N.B. You can find the first part of this segment here: Part 1 of 2


A few years ago, Mario Proulx produced a series of radio programs for Radio-Canada that offered a more integrated vision on health and the means to either maintain a good quality life, or consider various preventive or curative means to recover when a physical or psychological illness occurred.

Indeed, pharmacological medicine often appears as the main reference when an imbalance appears in a person. However, if this medical approach is decisive for specific problems, it does not always appear as effective when the imbalance becomes chronic and results from inadequate lifestyle habits or environmental risk factors. The difficulties in understanding and treating degenerative diseases and mental disorders are examples that illustrate how medical treatments are limited towards their action in being effective.

Moreover, the rise of biomedical research has offered a promising vision in the last century and many people believe that there will always be a medication to maintain their health and independence without them having to be careful regarding their lifestyles. And, it is true that many people have had their lives saved thanks to pharmacological treatments or, sometimes, surgery. The other therapeutic approaches – whether they are called ancestral, soft, alternative or complementary – do not always have the same recognition both among clinicians and among individuals. On one hand, most know little about the usefulness of such approaches and they are often more effective when used in prevention. On the other hand, there are fewer scientific references, because the research protocols favored for 150 years were not suitable for exploring the effects of these practices.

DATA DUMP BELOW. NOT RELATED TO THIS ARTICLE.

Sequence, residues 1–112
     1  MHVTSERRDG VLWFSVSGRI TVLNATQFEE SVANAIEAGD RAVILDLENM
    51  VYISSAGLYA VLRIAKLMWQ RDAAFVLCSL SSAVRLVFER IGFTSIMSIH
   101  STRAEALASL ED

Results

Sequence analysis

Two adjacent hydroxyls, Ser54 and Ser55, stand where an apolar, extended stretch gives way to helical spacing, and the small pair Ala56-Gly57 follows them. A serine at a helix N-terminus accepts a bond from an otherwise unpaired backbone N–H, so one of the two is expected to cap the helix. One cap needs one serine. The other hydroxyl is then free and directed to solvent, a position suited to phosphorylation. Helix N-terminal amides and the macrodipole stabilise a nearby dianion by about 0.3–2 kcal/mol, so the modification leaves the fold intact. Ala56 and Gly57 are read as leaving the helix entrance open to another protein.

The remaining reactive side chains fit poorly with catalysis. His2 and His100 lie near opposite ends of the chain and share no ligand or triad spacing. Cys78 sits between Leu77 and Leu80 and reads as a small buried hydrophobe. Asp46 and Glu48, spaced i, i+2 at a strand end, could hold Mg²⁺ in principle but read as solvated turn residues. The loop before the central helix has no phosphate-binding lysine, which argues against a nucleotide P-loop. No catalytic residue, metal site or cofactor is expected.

However, more and more scientists invite individuals to consider health from a more holistic perspective. Without neglecting the therapeutic contribution of medication, it is thus a question of considering the actions to be taken in a preventive manner, but also for promoting healthy lifestyles. To illustrate this need, Proulx explained that “while the baby-boomer generation is in better shape than the previous generation, the way of life in Western societies is often synonymous with being overworked. The diet of the majority is deficient, and a good part of the population prefers sedentary leisure. With a healthcare system on the verge of bursting and rising cases of diabetes, hypertension and cancer, it is time to act. […] Living differently is above all a call for change, so that everyone can rediscover the pleasures of a balanced life.”